Spicer files complaints with panel against his attorney, prosecutors

Convict serving 30-year sentence for Annapolis beating

September 01, 1999|By Andrea F. Siegel | Andrea F. Siegel,SUN STAFF

An angry Brady G. Spicer, who maintains he is innocent of the vicious attack on a Annapolis bar manager that put him behind bars, is now seeking state penalties against Anne Arundel County prosecutors and his attorney, claiming they all should be punished for unprofessional work.

"The problem started with James Salkin and his failure to do the proper investigation and with the state's attorney's office," Spicer said yesterday at the Anne Arundel County Detention Center.

Spicer, 42, is serving a 30-year sentence for the beating in 1990 of Francis "Bones" Denvir, who ran Armadillo's at City Dock. A federal judge last year faulted prosecutors for failing to disclose that a witness enhanced his story and criticized the defense lawyer for his trial performance. That did not free Spicer, however, and the state has asked a federal appeals court to reinstate his 1992 conviction.

Spicer filed two complaints with the Attorney Grievance Commission. In one, he said that State's Attorney Frank R. Weathersbee and Assistant State's Attorney Steven Sindler, who prosecuted him, "participated in a fraud and withheld evidence."

He wrote that they violated court rules, failed to completely investigate the case, knew one of their witnesses -- who recanted this spring shortly before dying -- was unreliable, and allowed another witness to sit in the courtroom before testifying in violation of the judge's order.

In the other, he claimed Salkin botched his case by being unprepared, doing a slipshod investigation, and failing to present evidence of Spicer's broken kneecap to the jury. That injury, Spicer said, made it impossible for him to run fast; witnesses said the person who beat the bar owner ran quickly from the scene. Salkin, Spicer said, should have objected when prosecution witness Sam Novella watched part of the trial before testifying, despite a judge's rule barring witnesses from the courtroom.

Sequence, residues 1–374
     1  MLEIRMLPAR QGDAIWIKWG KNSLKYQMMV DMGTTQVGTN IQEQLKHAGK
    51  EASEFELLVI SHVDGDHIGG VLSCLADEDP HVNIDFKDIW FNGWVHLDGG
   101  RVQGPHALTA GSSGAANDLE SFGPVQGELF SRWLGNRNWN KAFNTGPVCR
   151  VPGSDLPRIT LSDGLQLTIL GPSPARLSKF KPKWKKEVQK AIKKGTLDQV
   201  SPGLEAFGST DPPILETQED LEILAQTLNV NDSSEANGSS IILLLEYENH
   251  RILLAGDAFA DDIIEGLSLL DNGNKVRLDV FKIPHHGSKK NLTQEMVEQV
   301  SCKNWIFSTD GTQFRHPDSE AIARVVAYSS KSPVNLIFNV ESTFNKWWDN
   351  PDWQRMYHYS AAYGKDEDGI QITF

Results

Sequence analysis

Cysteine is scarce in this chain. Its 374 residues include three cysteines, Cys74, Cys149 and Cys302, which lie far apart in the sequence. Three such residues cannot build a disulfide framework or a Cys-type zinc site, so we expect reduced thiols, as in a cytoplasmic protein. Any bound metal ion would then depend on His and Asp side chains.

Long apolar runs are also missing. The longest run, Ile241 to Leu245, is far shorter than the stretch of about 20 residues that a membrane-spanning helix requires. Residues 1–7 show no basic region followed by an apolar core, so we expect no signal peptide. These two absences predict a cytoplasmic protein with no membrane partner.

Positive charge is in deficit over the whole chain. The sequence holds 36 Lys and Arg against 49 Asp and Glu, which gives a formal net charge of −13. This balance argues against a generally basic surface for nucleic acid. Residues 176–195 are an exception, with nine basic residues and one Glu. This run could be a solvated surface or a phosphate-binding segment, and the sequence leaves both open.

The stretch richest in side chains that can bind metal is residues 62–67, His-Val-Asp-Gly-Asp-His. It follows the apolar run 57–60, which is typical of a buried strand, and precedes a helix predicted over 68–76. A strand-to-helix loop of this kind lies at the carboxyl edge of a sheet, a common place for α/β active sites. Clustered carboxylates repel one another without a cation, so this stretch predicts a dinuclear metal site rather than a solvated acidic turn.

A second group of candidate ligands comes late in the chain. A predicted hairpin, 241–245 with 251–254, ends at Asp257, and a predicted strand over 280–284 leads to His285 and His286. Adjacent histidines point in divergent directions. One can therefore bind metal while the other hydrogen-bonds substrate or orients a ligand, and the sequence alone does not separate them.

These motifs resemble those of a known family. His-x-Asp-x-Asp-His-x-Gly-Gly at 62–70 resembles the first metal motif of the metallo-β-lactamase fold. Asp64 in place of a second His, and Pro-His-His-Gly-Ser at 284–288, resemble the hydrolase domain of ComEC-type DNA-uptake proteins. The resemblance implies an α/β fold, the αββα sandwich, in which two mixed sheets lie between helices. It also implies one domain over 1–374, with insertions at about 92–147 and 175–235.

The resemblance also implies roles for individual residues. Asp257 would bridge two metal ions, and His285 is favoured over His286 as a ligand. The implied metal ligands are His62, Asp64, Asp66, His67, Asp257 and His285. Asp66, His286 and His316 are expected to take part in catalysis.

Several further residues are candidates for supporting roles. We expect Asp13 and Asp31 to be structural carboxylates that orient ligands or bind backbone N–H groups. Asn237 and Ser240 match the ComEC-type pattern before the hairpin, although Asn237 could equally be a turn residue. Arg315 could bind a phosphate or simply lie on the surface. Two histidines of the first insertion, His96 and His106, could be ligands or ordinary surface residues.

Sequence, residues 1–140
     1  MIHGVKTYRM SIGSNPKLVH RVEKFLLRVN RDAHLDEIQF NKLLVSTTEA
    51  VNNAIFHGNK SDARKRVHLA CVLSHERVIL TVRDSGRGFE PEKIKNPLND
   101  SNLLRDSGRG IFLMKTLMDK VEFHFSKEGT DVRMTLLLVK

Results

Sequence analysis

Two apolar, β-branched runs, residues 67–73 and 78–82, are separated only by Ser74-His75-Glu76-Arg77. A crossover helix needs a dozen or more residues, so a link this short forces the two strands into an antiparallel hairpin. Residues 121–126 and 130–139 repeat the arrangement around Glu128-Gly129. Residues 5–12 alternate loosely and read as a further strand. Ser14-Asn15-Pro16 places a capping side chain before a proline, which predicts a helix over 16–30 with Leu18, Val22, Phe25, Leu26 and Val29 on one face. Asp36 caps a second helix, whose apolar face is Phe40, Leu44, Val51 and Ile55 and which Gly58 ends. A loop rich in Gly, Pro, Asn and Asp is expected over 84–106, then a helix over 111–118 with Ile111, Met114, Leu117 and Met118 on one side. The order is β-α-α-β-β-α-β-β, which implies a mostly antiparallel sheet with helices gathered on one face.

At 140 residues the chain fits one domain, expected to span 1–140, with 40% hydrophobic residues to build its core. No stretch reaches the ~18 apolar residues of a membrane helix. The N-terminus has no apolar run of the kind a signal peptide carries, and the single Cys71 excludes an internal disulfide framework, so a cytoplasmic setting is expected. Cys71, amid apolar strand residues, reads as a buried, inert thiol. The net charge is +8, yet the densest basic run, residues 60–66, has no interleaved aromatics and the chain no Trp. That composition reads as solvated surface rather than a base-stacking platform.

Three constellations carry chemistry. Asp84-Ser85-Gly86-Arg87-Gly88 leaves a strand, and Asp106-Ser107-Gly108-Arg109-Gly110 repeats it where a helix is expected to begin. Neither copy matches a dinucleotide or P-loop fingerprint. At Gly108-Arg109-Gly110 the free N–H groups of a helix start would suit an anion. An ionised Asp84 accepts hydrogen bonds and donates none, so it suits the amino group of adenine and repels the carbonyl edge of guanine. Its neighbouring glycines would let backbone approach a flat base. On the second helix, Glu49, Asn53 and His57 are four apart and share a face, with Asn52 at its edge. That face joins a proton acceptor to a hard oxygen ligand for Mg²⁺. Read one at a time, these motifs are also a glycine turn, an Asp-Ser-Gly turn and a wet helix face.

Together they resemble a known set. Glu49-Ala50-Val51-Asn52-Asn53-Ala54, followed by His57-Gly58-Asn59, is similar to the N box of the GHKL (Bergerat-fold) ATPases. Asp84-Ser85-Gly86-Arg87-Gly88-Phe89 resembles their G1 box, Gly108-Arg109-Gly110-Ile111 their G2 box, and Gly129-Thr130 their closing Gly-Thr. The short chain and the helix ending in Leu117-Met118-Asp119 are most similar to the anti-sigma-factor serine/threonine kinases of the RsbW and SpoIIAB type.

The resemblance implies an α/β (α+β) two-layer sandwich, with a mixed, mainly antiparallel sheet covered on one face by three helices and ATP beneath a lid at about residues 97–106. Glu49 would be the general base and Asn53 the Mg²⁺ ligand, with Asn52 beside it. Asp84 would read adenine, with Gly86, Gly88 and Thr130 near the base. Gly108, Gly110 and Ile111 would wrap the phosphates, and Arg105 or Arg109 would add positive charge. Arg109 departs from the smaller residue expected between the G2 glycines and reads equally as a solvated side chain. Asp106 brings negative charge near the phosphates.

All three lawyers denied yesterday they had done anything improper.

Witness Larry M. Brown, who swapped testimony against Spicer for probation in his own drug case, recanted to The Sun and in an interview tape-recorded by Spicer's new lawyers a few days before his death earlier this year. Two other witnesses, whose identifications of Spicer were faulted by the federal judge for inconsistency and weakness, stuck by their identifications.

In January, two judges refused a plea prosecutors were happy with that would have limited the sentence to time served and freed Spicer. Spicer took a lie-detector test at the behest of his lawyers, and the examiner said it showed he was truthful in denying involvement in the crime.

Spicer said he would like the Attorney Grievance Commission to see suspension or revocation of their law licenses by the Court of Appeals.

Yet the complaints do nothing to win Spicer what he says he wants most: freedom and exoneration. Still, he said, he'd like the lawyers held accountable.

The commission has never sanctioned a prosecutor for not providing the defense with exculpatory information. U.S. District Judge Peter Messitte in Baltimore wrote in December that the witness Brown went from saying he spoke with Spicer before and after the attack at Armadillo's to testifying that he saw Spicer run from the tavern. Prosecutors, Messitte wrote, should have told Spicer's lawyer about that change.

Weathersbee, noting that his office may end up retrying Spicer, said he would not comment on details of a pending case. He did say he did not "have a feeling one way or the other" about Spicer's guilt, though a jury did.

"There is absolutely no possible way that he will have my head or Frank Weathersbee's head on a platter. His grievance is without any merit whatsoever," said Sindler, now in private practice in Odenton. He said he would not have brought the case against Spicer if he thought he was trying the wrong person.

"There was nothing done to cheat him or lie to him. It certainly was not an under-investigated case. We never hid anything from his attorney. I disagree with the federal judge in that regard."

Salkin, a Baltimore lawyer, was hired by the county Office of the Public Defender to represent Spicer because every attorney in the office knew the victim. He said he thought he did a good job, and used everything that would have helped the case.

He said sometimes a convicted defendant files a complaint because he is looking for "somebody to lash out at."

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